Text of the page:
Presidents Budget for that year to Congress. Thereafter, any material provided
to the Appropriations Committees may be furnished to S&I staff members.
Information releasable under the Freedom of Information Act (FOIA) should be
provided to the S&I staff without hesitation. Information that could be denied
under the provisions of the FOIA should not be automatically denied to the S&I
staff. Information, which is recognized by law as privileged, will not be
released. Refer all requests for information that cannot be satisfied to SAFMBUL for final disposition.

IV-CHAPTER-3-201

Section IV Other Congressional Actions


CHAPTER 4
NOTIFICATIONS TO CONGRESS
1.
2.
3.
4.
5.

RESPONSIBILITIES
POLICY
INFORMATION PROVIDED TO CONGRESS
NOTIFICATION PLAN
INFORMATION FOR MEMBERS OF CONGRESS (IMC) CLEARANCE
PROCEDURES
6. INFORMATION FOR MEMBERS OF CONGRESS (IMCs) CONCERNING
COMMERCIAL ACTIVITIES
OVERVIEW:
The Armys policy is to take the initiative in providing Members of Congress and
committees with timely information on significant activities and approved plans of the
Army. Particular emphasis is given to matters affecting committee responsibilities
and individual constituencies. This section provides procedures and guidance for
the provision of written information Members of Congress, congressional
committees, and staff members by persons assigned to or employed in OCLL, and
other Army personnel working in coordination with them. These procedures do not
apply to written information that is prepared, coordinated, and forwarded to
Congress in accordance with existing guidance, including:
a. Legislative proposals, executive orders or proclamations originating within
DoD.
b. Information requested by Members of Congress on behalf of and for their
constituents.
c. Information formally requested by a committee of Congress in connection
with nominations, investigations, and oversight.
d. Testimony, prepared statements, and insertions to the record in connection
with a congressional hearing.
e. Budget justification books, budget displays, information papers, other budget
and budget appeal submissions, and other Planning, Programming, Budgeting and
Execution System documents.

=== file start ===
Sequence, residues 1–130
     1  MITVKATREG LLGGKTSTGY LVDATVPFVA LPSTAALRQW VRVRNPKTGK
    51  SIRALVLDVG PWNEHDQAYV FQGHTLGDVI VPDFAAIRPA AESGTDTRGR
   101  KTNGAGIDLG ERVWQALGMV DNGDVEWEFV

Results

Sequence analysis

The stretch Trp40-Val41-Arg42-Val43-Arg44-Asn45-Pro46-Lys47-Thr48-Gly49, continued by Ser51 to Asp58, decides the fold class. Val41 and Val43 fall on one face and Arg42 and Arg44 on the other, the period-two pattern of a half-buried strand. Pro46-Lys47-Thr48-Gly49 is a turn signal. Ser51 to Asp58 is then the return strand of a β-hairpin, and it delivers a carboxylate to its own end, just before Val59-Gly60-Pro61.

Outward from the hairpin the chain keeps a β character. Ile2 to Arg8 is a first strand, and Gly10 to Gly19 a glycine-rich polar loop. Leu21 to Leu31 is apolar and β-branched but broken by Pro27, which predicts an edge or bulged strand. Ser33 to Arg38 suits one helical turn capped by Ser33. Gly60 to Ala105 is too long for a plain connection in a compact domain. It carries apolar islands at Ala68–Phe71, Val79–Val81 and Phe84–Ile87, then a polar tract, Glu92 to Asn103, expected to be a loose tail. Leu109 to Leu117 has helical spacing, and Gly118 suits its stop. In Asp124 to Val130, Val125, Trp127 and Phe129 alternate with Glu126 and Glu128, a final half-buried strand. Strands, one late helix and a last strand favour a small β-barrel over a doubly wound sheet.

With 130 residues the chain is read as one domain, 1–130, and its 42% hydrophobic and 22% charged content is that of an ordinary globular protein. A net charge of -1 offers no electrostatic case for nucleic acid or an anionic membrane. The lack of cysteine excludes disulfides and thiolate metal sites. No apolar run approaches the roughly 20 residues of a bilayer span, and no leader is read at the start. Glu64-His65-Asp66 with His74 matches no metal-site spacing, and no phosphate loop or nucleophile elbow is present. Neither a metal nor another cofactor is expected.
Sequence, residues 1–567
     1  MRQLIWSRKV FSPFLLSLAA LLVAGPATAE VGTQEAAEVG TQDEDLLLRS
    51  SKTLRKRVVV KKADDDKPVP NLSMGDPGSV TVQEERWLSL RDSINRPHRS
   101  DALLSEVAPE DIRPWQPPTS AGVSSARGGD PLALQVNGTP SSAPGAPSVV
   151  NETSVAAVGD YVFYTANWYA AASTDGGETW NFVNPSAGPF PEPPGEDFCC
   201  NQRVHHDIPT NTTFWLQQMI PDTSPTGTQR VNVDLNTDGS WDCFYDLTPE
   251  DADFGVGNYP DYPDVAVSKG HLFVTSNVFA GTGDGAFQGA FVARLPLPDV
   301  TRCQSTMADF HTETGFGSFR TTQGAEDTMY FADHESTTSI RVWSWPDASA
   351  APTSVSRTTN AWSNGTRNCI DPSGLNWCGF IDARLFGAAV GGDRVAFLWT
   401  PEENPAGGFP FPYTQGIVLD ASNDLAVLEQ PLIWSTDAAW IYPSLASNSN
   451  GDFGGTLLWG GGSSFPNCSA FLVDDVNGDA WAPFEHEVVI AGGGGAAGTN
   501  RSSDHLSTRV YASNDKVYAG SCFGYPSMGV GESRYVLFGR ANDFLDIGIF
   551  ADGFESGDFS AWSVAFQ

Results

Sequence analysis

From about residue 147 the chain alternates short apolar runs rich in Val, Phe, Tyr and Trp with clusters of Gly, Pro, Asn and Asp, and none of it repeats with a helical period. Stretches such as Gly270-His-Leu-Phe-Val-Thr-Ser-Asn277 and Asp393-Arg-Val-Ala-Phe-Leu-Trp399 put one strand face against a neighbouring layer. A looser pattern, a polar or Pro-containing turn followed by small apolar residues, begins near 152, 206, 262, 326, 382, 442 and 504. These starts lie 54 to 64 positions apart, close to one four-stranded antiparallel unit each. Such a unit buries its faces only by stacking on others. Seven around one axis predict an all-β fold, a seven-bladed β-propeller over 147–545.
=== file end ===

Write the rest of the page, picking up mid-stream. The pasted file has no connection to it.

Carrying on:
IV-CHAPTER-4-202

f. Reports, studies, notifications, evaluations, plans, analyses, etc., required by


Congress in a committee report, floor action, bill, act, or other formal congressional
action.
1. RESPONSIBILITIES:
a. Secretariat, Staff Agencies, and ACOMs will:
(1) Consider: Consider each significant Army action for congressional
implications.
(2) Coordinate: When actions develop that could affect a Member of
Congress, coordinate with SALL to determine congressional implications and
necessity to inform Congress.
(3) Develop: When deemed necessary by SALL, develop and prepare a
congressional notification plan.
(4) Report: Report approved changes in local missions or operating
levels through channels to SALL before public announcement or implementation.
These reports will include recommendations on the content and release date of the
information to be provided to Congress.
(5) Furnish: When required and in coordination with SALL, prepare
information paper or furnish briefings to Congress.
(6) Prepare: Prepare, coordinate, perform a security review, clear with
OFOISR, and obtain agency head approval for any notifications and information
papers, including IMCs. Formats for IMCs and the fact sheets are shown in Army
Regulation 5-10, Stationing, Chapter 5, paragraph 3, and discussed in paragraph
below.
b. SALL will:
(1) Review: Review the action for congressional implications and
determine the need for a congressional notification plan.
(2) Coordinate: Coordinate with OCPA.
(3) Distribute: Distribute necessary informational material to
appropriate elements of Congress. This distribution also applies to informing
appropriate congressional offices of contract awards and terminations.

IV-CHAPTER-4-203

2. POLICY: The Department of the Armys policy is to make information


promptly available to Members of Congress and congressional committees and their
staffs. Release of all information to Congress will be in accordance with all
applicable policies and regulations of the Executive Office of the President, DoD,
and the Army, particularly regulations and directives relating to security and
protection of individual privacy, and to official information that requires protection in
the public interest. This type of unsolicited information may be in the form of
briefings, written materials, or data especially compiled for the convenience of
Congress.
3. INFORMATION PROVIDED TO CONGRESS:
a. An IMC will be used to inform Members of Congress and committees
on broad Army plans, operations, and activities. This includes reductions-in-force,
base closures or realignments, major restructuring issues, or other significant issues
that may be of interest to a number of Members of Congress.
The IMC will be staffed in accordance with Figure below:

IV-CHAPTER-4-204

b. Other Information Provided to Congress:


(1) Information that supports Army programs, policies, or interests may
be provided to committees, state delegations, coalitions, caucuses, or individual
Members of Congress when such information will affect local constituencies or be of
interest to the congressional recipient.
(2) Liaison officers may release factual data, reports, articles, or other
information that is readily available or compiled or integrated from existing sources
concerning Army programs, policies, or interests if requested by a Member of
Congress, committee, or staff member, provided the information is within the
officers liaison responsibility and release otherwise complies with all applicable
restrictions on release of information contained in AR 1-20 and this CARSOP.
(3) Division chiefs may approve the unsolicited provision of factual data,
reports, articles, or other information readily available from existing sources